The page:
The benefits of dopamine resuscitation in neonatal shock are in doubt. To evaluate dopamine's effectiveness on regional perfusion and survival, neonatal pigs were subjected to fecal Escherichia coli peritonitis-induced septic shock and were randomly divided into equal groups. Control animals (Group I) were not resuscitated with dopamine. Dopamine resuscitation, as a continuous infusion of 5 μg/kg/min (Group II), 50 μg/kg/min (Group III), or 200 μg/kg/min (Group IV), began when cardiac output dropped 20% below baseline. Radiolabeled microspheres were used to assess regional perfusion. Survival was defined as no hemodynamic compromise at 24 hr. Increased survival time correlated with sustained increases in cardiac output and blood pressure in Group III, which were not observed in the other groups. Significant changes in multiorgan regional perfusion were also observed in Group III and correlate with the improved survival. These data suggest that higher than usual doses of dopamine may be beneficial in neonates with peritonitis-induced septic shock.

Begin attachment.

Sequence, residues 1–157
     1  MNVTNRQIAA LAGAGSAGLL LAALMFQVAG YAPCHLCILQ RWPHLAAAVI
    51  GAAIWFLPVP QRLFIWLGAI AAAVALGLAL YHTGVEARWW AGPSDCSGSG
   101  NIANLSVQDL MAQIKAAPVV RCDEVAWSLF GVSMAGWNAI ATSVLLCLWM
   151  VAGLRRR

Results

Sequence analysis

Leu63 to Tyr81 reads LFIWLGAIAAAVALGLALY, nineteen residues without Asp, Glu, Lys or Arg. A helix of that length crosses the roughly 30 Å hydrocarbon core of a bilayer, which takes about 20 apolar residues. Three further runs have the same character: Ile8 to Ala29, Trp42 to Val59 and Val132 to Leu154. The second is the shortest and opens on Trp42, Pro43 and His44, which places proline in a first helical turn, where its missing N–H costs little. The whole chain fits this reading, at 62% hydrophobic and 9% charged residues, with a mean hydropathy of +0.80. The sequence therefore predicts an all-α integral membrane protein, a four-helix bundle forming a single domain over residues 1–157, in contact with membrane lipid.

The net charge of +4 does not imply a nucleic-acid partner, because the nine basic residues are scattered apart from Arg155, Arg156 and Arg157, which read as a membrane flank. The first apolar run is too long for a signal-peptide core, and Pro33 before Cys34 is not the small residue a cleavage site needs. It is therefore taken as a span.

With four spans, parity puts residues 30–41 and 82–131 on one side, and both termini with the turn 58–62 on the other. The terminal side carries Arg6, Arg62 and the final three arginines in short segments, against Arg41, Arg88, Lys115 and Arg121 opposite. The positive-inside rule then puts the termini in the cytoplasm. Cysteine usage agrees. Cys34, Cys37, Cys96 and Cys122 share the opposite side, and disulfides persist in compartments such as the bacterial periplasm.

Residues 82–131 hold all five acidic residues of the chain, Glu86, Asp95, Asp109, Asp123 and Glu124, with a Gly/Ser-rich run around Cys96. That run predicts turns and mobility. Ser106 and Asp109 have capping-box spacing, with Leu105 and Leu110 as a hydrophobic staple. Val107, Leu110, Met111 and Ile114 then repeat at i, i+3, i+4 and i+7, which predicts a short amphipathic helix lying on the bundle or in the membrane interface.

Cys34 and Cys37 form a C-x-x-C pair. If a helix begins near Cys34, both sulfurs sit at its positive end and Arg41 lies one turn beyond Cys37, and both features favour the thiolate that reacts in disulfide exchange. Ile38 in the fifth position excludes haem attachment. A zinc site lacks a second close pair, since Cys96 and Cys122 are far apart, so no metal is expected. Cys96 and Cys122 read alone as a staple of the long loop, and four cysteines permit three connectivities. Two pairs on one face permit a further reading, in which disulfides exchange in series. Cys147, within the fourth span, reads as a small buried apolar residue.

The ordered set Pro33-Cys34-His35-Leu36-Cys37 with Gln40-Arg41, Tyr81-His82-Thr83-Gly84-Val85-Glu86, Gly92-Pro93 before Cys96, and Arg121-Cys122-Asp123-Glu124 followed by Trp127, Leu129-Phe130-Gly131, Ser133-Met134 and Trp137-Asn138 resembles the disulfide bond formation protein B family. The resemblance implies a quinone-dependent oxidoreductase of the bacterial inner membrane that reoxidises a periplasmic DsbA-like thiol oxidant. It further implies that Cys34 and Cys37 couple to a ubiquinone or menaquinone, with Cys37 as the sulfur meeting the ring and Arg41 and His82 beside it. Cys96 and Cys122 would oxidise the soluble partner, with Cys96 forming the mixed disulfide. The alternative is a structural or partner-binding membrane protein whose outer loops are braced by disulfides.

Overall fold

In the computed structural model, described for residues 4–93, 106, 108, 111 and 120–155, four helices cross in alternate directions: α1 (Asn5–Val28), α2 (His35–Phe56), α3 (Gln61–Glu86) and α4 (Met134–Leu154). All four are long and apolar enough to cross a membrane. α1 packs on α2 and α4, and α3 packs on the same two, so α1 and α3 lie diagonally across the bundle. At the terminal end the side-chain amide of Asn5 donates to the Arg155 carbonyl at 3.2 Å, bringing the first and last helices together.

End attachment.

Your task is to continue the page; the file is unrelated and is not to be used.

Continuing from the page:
ASJC Scopus subject areas